Having predefined compliance reports in Invicti is a real time-saver and eliminates the need to manually find and configure all the required checks and reports. For PCI DSS reports, you can even officially confirm compliance with just a few clicks without the hassle of separately approaching an approved scanning vendor. Built-in reports also help to ensure that you are always following up-to-date specifications for common industry standards.

One thing to keep in mind is that, by their very nature, compliance reports only cover a limited subset of the many hundreds of security checks provided by Invicti, so being compliant is not always the same as being secure. For example, if you generate an OWASP Top 10 report from a scan, it is possible that you will see no issues in that specific report, even if the scan finds many other vulnerabilities not covered by the OWASP Top 10. For this reason, the built-in reports are best treated as a baseline and a starting point for defining customized scan policies to optimize vulnerability scanning.

Security best practice compliance reports

Probably the most popular and widely recognized reports relate to accepted industry best practices around application security testing, most notably those defined by OWASP. In the context of web vulnerability testing, compliance with such classifications means that you are testing for all the major vulnerabilities, which (if combined with remediation and prevention) gives you a solid application security baseline. Note that many categories in best-practice documents don’t directly apply to automated security testing, so the built-in reports in Invicti only cover the subset relevant to vulnerabilities.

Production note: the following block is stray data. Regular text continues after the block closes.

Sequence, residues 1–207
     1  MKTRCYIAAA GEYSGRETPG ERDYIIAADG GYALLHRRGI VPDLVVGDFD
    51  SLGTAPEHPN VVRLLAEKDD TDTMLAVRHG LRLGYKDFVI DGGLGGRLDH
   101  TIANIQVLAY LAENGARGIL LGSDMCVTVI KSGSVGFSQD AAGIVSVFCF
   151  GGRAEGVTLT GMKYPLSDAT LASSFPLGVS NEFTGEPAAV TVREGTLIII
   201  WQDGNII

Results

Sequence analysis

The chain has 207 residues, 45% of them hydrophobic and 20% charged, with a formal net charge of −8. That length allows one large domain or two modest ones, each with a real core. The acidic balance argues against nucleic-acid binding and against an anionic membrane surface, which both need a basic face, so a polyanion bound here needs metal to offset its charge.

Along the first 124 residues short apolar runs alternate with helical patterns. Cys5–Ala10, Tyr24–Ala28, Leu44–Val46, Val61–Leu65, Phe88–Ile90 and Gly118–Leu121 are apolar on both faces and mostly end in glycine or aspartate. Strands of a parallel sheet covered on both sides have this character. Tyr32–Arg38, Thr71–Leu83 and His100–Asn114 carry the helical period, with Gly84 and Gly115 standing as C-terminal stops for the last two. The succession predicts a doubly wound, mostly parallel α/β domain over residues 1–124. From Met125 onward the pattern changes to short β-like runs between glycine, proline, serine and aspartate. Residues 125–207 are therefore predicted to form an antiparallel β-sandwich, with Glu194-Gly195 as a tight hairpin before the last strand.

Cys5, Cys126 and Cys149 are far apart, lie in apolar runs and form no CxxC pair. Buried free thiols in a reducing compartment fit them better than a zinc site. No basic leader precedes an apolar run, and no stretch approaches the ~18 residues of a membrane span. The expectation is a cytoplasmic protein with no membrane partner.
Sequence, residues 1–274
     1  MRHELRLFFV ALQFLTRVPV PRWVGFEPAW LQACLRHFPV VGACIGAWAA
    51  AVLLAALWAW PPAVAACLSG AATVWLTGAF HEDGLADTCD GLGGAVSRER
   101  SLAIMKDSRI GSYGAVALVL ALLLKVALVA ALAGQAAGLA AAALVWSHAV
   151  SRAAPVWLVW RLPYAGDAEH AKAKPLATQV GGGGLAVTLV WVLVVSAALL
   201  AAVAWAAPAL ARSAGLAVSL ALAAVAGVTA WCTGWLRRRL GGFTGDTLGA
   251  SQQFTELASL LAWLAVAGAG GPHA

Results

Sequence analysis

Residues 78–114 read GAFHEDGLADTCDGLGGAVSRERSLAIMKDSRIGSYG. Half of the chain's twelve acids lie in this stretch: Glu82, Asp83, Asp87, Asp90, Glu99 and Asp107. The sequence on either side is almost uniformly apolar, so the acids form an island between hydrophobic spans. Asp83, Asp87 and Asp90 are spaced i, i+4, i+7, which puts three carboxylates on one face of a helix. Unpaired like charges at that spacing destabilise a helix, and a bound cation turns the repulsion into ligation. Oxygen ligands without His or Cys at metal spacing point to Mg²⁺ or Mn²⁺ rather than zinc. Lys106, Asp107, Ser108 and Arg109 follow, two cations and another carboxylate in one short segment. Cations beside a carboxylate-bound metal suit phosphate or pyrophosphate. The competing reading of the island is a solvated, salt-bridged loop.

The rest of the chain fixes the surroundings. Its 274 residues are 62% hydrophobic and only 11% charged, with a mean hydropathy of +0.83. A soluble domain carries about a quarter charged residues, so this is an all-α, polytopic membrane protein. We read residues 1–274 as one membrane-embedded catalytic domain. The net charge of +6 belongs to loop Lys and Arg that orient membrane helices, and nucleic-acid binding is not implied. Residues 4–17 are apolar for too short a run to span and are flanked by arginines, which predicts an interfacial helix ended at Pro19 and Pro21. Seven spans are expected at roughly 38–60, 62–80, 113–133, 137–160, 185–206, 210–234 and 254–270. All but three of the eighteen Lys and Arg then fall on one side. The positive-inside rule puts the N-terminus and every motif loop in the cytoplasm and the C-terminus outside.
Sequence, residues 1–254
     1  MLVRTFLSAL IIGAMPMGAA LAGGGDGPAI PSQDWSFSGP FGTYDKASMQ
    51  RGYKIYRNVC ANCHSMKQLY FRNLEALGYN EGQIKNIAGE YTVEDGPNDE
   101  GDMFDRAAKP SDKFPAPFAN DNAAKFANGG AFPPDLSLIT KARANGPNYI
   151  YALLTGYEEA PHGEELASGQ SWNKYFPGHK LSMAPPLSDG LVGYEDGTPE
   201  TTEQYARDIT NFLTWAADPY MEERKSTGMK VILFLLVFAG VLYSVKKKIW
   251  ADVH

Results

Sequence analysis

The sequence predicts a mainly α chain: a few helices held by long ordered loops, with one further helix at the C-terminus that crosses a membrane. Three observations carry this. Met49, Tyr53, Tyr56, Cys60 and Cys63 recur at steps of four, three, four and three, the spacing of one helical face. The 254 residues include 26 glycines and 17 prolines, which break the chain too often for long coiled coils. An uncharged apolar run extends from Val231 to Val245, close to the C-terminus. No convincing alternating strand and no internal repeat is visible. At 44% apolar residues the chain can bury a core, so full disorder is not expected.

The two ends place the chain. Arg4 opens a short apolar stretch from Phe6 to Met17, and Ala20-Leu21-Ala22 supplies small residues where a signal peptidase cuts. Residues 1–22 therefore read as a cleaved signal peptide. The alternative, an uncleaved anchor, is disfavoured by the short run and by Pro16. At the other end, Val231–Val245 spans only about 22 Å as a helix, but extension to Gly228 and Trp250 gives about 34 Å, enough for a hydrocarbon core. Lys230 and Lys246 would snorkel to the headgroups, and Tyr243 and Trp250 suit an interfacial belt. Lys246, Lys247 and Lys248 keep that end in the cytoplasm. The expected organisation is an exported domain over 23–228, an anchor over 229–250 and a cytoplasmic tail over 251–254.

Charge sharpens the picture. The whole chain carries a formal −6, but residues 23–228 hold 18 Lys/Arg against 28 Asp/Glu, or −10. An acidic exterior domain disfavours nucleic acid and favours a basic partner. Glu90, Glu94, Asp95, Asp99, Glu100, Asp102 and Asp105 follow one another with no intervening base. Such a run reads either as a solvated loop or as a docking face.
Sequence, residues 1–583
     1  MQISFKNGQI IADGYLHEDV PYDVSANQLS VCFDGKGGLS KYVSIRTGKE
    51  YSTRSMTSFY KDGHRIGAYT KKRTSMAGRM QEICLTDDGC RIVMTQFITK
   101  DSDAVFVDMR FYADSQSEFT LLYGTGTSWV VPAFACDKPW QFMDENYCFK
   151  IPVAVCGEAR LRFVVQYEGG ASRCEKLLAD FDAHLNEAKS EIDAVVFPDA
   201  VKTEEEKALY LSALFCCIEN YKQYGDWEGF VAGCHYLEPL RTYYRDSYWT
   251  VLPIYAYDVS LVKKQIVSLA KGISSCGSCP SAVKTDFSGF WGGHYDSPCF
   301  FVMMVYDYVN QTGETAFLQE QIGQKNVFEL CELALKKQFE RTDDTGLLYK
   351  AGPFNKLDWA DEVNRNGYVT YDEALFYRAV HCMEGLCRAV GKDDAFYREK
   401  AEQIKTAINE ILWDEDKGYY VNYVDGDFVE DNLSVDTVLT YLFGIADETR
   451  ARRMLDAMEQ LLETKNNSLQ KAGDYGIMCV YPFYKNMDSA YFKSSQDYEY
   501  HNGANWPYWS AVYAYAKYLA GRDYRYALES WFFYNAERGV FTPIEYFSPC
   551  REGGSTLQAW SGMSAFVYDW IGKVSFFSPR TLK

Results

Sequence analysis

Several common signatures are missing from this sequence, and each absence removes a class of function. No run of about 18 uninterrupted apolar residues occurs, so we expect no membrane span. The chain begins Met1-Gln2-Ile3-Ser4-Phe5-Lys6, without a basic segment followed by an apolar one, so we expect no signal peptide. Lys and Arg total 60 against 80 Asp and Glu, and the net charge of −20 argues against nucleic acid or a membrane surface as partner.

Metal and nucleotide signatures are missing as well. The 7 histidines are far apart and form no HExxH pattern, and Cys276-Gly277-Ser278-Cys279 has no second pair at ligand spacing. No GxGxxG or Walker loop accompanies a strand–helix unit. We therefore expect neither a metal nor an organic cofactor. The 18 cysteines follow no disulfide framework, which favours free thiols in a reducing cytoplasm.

The Open Web Application Security Project (OWASP) maintains and periodically updates many security classifications and guidelines, including top 10 lists and proposed industry standards. Invicti includes reports for three of these:

  • OWASP Top 10: A list of the top 10 classes of web application security risks. It is not an official standard or even a detailed specification but rather an awareness document that provides a yardstick for secure development. The OWASP Top 10 was most recently updated in 2021, and this report version is available in Invicti alongside reports for 2013 and 2017 editions.